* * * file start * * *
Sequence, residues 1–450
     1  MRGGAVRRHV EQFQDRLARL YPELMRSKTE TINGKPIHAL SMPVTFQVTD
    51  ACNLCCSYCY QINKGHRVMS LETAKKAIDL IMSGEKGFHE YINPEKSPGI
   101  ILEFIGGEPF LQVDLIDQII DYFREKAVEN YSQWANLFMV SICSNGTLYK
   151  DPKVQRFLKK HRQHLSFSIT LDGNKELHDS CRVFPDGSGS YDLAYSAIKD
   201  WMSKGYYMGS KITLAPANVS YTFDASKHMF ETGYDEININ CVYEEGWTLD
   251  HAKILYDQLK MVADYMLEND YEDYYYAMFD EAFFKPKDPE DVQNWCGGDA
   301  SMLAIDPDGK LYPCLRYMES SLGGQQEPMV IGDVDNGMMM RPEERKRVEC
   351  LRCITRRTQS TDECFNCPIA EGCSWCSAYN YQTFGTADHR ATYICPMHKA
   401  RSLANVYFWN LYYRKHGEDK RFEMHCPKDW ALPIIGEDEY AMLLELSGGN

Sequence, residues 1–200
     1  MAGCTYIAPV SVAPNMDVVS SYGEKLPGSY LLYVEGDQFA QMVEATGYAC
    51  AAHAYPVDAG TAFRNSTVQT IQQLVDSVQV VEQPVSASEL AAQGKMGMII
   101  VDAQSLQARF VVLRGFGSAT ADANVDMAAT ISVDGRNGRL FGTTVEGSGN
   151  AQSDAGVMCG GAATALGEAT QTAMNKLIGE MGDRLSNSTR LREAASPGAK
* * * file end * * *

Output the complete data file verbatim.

Sequence, residues 1–450
     1  MRGGAVRRHV EQFQDRLARL YPELMRSKTE TINGKPIHAL SMPVTFQVTD
    51  ACNLCCSYCY QINKGHRVMS LETAKKAIDL IMSGEKGFHE YINPEKSPGI
   101  ILEFIGGEPF LQVDLIDQII DYFREKAVEN YSQWANLFMV SICSNGTLYK
   151  DPKVQRFLKK HRQHLSFSIT LDGNKELHDS CRVFPDGSGS YDLAYSAIKD
   201  WMSKGYYMGS KITLAPANVS YTFDASKHMF ETGYDEININ CVYEEGWTLD
   251  HAKILYDQLK MVADYMLEND YEDYYYAMFD EAFFKPKDPE DVQNWCGGDA
   301  SMLAIDPDGK LYPCLRYMES SLGGQQEPMV IGDVDNGMMM RPEERKRVEC
   351  LRCITRRTQS TDECFNCPIA EGCSWCSAYN YQTFGTADHR ATYICPMHKA
   401  RSLANVYFWN LYYRKHGEDK RFEMHCPKDW ALPIIGEDEY AMLLELSGGN

Sequence, residues 1–200
     1  MAGCTYIAPV SVAPNMDVVS SYGEKLPGSY LLYVEGDQFA QMVEATGYAC
    51  AAHAYPVDAG TAFRNSTVQT IQQLVDSVQV VEQPVSASEL AAQGKMGMII
   101  VDAQSLQARF VVLRGFGSAT ADANVDMAAT ISVDGRNGRL FGTTVEGSGN
   151  AQSDAGVMCG GAATALGEAT QTAMNKLIGE MGDRLSNSTR LREAASPGAK